This study isn’t just about isolated islands in a remote corner of Thailand. It’s also about the flecks of land we cordon off every time we fell a forest, plow a field, or plat a subdivision. We’re creating small islands of habitat surrounded by seas of human dominance. Certainly some animals and plants can move between those islands, but not all do and not all at rates needed to sustain remnant populations. Some animals may be better than others at navigating human oceans, but even they may be doomed, unable to withstand competition or predation from introduced species. If we are to minimizing the impact we have on the environment—whether those be cities, farms, or even oil fields—we can’t just plan the land we’ll occupy, we have to plan the land we won’t.

  1. I would have liked to see a control transect on the mainland to see how the islands’ biodiversity compares, but they didn’t do that for whatever reason. (Perhaps they couldn’t find an area that wasn’t affected by humans.)

Image courtesy of Antony Lynam


Gibson L., Lynam A.J., Bradshaw C.J.A., He F., Bickford D.P., Woodruff D.S., Bumrungsri S. & Laurance W.F. (2013). Near-Complete Extinction of Native Small Mammal Fauna 25 Years After Forest Fragmentation, Science, 341 (6153) 1508-1510. DOI:

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More reasons to stop putting trees on skyscrapers

Bosco Verticale

Robert Krulwich, disagreeing with me:

Two residential towers, dense with trees, will have their official opening later this year in downtown Milan, Italy, near the Porta Garibaldi railroad station. (The image is not a photograph, but an architect’s rendering. The towers are built and the trees are going in right now.) I love this. I think these towers are gorgeous. Milan is a very polluted town; these trees will cleanse the air, pumping out oxygen and greening the cityscape. I think cities one day could look like mountain vistas; I’m enthralled.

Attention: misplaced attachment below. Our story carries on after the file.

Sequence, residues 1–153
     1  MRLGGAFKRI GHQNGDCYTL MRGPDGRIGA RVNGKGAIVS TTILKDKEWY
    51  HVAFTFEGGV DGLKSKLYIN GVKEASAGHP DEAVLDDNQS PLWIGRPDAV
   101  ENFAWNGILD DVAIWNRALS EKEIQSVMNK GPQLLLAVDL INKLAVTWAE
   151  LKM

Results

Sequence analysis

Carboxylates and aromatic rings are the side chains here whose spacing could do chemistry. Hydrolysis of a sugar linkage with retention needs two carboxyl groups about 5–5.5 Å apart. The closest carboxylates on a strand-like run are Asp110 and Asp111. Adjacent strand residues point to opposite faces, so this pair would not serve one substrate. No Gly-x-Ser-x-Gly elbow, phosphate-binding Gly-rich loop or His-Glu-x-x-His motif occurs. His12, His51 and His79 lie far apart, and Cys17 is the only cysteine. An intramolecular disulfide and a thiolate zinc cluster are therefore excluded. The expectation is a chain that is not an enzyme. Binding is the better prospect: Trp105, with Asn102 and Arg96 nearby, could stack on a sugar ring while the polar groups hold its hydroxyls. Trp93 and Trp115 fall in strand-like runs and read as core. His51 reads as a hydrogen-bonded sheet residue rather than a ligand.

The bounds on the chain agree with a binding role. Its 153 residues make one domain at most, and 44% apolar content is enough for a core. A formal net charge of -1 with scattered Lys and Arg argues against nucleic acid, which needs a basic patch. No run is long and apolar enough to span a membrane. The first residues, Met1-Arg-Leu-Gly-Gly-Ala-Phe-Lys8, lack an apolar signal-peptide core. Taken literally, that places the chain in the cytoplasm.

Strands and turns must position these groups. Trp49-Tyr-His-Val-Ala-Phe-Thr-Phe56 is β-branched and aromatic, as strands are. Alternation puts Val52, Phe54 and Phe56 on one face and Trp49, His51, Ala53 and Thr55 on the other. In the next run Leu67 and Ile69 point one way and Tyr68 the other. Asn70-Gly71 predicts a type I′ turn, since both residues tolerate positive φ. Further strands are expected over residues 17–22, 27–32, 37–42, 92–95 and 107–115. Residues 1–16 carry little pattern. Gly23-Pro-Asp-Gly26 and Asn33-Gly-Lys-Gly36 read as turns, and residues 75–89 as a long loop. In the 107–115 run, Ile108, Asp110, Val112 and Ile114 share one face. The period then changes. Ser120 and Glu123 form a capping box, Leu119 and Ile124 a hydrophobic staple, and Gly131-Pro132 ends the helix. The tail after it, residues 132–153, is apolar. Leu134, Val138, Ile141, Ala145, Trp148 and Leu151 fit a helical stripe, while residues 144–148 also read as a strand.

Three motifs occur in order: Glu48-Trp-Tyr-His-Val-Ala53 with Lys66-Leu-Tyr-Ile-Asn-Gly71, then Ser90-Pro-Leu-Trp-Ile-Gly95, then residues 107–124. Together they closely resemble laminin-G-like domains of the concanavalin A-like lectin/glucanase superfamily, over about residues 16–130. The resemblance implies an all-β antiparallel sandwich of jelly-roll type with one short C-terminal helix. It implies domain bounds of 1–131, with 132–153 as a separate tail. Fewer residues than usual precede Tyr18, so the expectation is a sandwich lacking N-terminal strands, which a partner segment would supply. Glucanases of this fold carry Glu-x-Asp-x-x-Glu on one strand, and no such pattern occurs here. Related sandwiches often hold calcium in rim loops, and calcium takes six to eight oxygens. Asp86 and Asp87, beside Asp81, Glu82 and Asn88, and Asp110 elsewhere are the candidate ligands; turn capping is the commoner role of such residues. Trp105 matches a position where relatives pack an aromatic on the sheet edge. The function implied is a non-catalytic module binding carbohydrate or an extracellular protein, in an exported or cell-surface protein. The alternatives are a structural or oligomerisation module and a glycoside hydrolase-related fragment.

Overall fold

But I am not Tim De Chant, tree lover, blogger, critic, who says this won’t work. All these trees, he thinks, are about to be dead. He recently posted an essay on his Per Square Mile blog, aimed at architects. He called it, “Can we please stop drawing trees on top of skyscrapers?” He thinks builders know squat about trees. I hope he’s wrong.

I know I seem like Buzz Killington to a lot of architects—and non-architects, Krulwich included—but that wasn’t my point…entirely. To me, trees atop buildings have become an architectural crutch, a way to make your building feel sustainable without necessarily being so. And that’s a charitable assessment. Here’s how I really feel—trees on skyscrapers are a distraction from rampant development and deforestation. They’re trees for the rich and no one else. They’re the soma in architecture’s brave new world of “sustainable” development.

In reality, trees on skyscrapers will likely be anything but sustainable. Structures built to support trees need to be over-engineered compared with their abiotic equivalents—trees are heavy, so is dirt (multiply so when wet), and so are watering systems required to keep them alive. If those trees are to have a chance on these windy precipices, their planters had better be deep, which further compounds problems raised in the previous sentence. A skyscraper that’s built to support trees will require more concrete, more steel, more of anything structural. That’s a lot of carbon, not to mention other resources, spent simply hoisting vegetation dozens of stories up, probably more than will ever be recouped in the trees’ lifetimes.